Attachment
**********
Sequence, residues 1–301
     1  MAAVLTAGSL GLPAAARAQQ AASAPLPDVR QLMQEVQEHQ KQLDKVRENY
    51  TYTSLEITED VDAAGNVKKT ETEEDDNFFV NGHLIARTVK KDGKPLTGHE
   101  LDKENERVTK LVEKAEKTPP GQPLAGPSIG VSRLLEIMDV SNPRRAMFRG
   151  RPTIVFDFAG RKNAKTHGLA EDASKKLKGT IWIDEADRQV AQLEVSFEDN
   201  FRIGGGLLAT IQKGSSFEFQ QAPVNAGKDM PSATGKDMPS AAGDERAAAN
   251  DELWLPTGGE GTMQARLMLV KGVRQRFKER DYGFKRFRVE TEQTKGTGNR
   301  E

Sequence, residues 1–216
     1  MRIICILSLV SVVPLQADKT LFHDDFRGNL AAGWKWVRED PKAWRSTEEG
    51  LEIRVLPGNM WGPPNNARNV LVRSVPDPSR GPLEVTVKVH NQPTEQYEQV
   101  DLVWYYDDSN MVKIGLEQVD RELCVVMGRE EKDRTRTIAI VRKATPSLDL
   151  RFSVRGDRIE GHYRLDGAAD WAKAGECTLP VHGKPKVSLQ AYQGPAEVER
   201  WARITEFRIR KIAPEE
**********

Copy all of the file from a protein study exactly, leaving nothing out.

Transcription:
Sequence, residues 1–301
     1  MAAVLTAGSL GLPAAARAQQ AASAPLPDVR QLMQEVQEHQ KQLDKVRENY
    51  TYTSLEITED VDAAGNVKKT ETEEDDNFFV NGHLIARTVK KDGKPLTGHE
   101  LDKENERVTK LVEKAEKTPP GQPLAGPSIG VSRLLEIMDV SNPRRAMFRG
   151  RPTIVFDFAG RKNAKTHGLA EDASKKLKGT IWIDEADRQV AQLEVSFEDN
   201  FRIGGGLLAT IQKGSSFEFQ QAPVNAGKDM PSATGKDMPS AAGDERAAAN
   251  DELWLPTGGE GTMQARLMLV KGVRQRFKER DYGFKRFRVE TEQTKGTGNR
   301  E

Sequence, residues 1–216
     1  MRIICILSLV SVVPLQADKT LFHDDFRGNL AAGWKWVRED PKAWRSTEEG
    51  LEIRVLPGNM WGPPNNARNV LVRSVPDPSR GPLEVTVKVH NQPTEQYEQV
   101  DLVWYYDDSN MVKIGLEQVD RELCVVMGRE EKDRTRTIAI VRKATPSLDL
   151  RFSVRGDRIE GHYRLDGAAD WAKAGECTLP VHGKPKVSLQ AYQGPAEVER
   201  WARITEFRIR KIAPEE